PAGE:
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In this article Rabbi Greenberg explores the meaningfulness of Yom Hashoah. A related piece in this section, “Early Proposals for Holocaust Commemoration,” provides background for the article below, which is excerpted with permission of the author from The Jewish Way: Living the Holidays.
For two years [from 1948-50] in the Knesset [the Israeli parliament], the two main antagonists over the commemoration bill blocked each other. The turning point came in late 1950, when earnest bargaining began.
The ghetto fighters and their allies wanted a special day, as close to 14-15 Nissan as possible [to mark the beginning of the Warsaw ghetto uprising]. Their terminus ad quem [latest acceptable date] was May 16, the date on which Jurgen Stroop, the German general, declared that the ghetto was totally destroyed.
The Orthodox wanted to push the date as far back as possible from Passover–at the least, into the next month of Iyar (the second Hebrew month) so as not to infringe on the prohibitions of mourning and eulogies in the month of Nissan. If the date could be deferred to the month of Iyar, it would fall within the Sefirat Ha’Omer mourning period [the period between Passover and Shavuot], which would make it less troublingly “innovative” to the current mindset of the halachic authorities.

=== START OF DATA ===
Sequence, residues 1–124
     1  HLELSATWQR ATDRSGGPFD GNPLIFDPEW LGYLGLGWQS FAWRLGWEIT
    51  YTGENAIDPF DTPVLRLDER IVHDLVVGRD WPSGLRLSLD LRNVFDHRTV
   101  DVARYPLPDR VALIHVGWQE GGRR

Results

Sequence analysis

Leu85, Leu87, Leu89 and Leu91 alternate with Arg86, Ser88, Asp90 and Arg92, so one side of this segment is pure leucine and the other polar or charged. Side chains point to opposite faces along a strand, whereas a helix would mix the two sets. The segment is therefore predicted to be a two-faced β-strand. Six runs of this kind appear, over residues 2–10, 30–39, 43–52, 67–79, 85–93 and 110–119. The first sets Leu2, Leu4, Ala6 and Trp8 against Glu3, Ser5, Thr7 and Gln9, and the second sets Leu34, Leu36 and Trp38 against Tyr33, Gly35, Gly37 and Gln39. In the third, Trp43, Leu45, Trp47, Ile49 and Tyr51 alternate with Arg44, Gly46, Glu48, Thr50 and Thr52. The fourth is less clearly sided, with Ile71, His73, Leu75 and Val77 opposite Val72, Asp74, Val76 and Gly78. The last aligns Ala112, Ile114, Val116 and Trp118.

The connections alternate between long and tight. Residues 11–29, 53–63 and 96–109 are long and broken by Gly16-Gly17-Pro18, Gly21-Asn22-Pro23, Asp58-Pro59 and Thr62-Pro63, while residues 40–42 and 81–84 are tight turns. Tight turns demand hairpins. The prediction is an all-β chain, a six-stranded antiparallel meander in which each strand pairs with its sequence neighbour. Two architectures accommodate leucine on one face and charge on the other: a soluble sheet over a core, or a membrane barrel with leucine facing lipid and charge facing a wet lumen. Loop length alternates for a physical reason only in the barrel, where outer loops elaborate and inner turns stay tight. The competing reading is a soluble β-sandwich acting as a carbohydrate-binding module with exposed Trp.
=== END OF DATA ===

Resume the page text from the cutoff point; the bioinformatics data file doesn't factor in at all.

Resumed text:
A Leading Rabbi Holds Fast to Tradition
As the parties jockeyed back and forth, the Orthodox representatives, hoping for some leeway, privately sought out the leading posek (halakhic decisor) of the Orthodox right, a man of towering stature, the Chazon Ish. But the Chazon Ish was unyielding; it was prohibited to disrupt the joy of Nissan with any such public mourning. In effect, the Chazon Ish ruled that not the slightest hair on the head of tradition could be touched for the sake of remembering the Holocaust. The inherited practice was unaffected by historical experience; the halakhah and Judaism remained outside of history, untouched by the flux of time or the sledgehammer blows of the Holocaust.
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